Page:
December 18, 2002 by Canadian Underwriter
Industry concerns over rising auto claims costs in Newfoundland received little response in new legislation tabled by Government Services and Lands Minister Walter Noel. Bill 28, which would amend the Automobile Insurance Act, Insurance Companies Act and Highway Traffic Act, makes no provisions for tort reform and puts new restrictions on underwriting.
In a press release, Noel acknowledges that much of the province’s rising premiums are related to claims growth. “Government is taking significant actions to promote driving safety, but the only way to reduce premium prices dramatically is to reduce the cost of claims. A meaningful difference is only likely to occur in the short term if restrictions are accepted on claims, particularly in the area of minor, often questionable, soft tissue claims.
However, he says, there was no public support for limiting compensation for minor injuries.
Nonetheless, Noel plans to hold public meetings to gauge interest in a system where optional coverage would be offered for pain and suffering or non-economic. “If there is sufficient interest, I will recommend that government commit the resources necessary to undertake a detailed analysis to determine if such a system is feasible for our province.”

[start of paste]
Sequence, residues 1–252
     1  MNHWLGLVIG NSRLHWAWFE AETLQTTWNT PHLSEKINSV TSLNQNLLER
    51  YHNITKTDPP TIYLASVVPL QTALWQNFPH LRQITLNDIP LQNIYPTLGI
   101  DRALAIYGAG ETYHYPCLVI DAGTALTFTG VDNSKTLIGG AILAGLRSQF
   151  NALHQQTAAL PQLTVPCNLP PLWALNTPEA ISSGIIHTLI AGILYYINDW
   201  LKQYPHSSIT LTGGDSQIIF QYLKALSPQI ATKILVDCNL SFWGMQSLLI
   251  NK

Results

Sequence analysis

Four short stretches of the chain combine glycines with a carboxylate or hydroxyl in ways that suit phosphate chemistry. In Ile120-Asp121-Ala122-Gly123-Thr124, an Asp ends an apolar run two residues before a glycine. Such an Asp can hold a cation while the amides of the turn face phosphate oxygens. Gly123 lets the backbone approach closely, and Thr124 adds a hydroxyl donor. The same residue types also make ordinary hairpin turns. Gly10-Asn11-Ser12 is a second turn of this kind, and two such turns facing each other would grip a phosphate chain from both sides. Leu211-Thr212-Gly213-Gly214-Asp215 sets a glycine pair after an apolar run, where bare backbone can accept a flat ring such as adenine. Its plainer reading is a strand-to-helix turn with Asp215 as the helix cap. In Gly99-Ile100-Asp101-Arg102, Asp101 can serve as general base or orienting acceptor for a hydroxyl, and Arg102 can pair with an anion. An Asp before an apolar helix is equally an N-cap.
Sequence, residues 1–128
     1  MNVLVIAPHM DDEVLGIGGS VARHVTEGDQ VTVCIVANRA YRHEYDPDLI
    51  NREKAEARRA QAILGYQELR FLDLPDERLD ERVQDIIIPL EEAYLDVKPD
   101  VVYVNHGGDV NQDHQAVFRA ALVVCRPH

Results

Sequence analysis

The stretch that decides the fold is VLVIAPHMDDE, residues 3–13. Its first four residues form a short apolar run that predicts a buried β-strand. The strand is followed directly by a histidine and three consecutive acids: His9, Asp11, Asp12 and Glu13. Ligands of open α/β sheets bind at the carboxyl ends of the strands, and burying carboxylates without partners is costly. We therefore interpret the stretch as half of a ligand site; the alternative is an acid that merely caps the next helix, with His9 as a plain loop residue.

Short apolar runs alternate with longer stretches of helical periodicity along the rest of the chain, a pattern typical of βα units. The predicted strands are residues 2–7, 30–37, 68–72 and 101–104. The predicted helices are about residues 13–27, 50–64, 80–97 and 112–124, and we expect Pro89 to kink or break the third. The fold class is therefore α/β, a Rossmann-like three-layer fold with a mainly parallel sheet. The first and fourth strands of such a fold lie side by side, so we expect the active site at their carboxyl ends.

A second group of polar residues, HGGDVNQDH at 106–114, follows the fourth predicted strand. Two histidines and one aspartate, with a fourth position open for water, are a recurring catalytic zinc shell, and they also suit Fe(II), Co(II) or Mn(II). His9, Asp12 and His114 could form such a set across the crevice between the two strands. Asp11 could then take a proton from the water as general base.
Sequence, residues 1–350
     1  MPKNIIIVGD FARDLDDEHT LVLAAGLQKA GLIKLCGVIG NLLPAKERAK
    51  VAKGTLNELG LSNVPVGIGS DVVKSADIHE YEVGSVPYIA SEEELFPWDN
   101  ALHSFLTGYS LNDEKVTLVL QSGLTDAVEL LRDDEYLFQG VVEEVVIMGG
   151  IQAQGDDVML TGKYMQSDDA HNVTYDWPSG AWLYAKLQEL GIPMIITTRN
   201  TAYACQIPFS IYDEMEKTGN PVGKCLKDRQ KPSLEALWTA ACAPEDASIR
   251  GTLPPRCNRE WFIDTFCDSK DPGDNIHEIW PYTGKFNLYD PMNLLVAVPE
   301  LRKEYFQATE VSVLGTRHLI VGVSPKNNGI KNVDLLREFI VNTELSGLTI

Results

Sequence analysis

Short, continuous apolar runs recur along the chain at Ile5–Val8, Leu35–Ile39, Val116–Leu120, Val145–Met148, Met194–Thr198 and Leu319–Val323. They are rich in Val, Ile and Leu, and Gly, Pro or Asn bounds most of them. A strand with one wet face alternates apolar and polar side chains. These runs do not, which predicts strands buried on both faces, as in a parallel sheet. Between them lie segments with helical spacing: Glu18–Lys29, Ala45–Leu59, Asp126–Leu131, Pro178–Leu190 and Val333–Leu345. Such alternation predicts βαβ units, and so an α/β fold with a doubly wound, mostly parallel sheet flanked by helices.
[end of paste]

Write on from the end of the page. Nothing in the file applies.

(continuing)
He notes that Pennsylvania has such a system, where drivers pay as much as 40% less for restricted coverage. In that state, about 55% opt for the coverage currently.
Bill 28 also includes underwriting guidelines which restrict insurers from refusing to cover someone based on age, sex, race or marital status, or if coverage has lapsed.
Coercive tied-selling has been banned, which is the practice of “tying” the sale of one product to another. Recently Minister Noel publicly criticized The Co-operators for what he considered tied-selling when the company refused to offer “premium rates” to customers who did not purchase another product with the company. The company said that the practice was not tied-selling and related to the higher incidence of accidents amongst those who owned only one policy with them.
The only tort reform item in the bill relates to having income loss claims based on net rather than gross pay.
The province’s Public Utilities Board (PUB) will be playing a bigger role in rate-setting, and will enforce only a maximum benchmark for this. Other duties such as setting rate territories will move from the superintendent to the PUB.
The superintendent, however, gains new controls over the Facility Association, the pool for high-risk drivers. He will be able to veto any part of Facility’s operating plan. Superintendent Winston Morris was also granted one of his wishes with the provision that the industry’s compensation body would be required to pay 100% of unearned premiums in event of an insurer collapse.
Other provisions include the upping of capital requirements to $3 million for new insurance companies. And stricter punishments are in place for driving without insurance.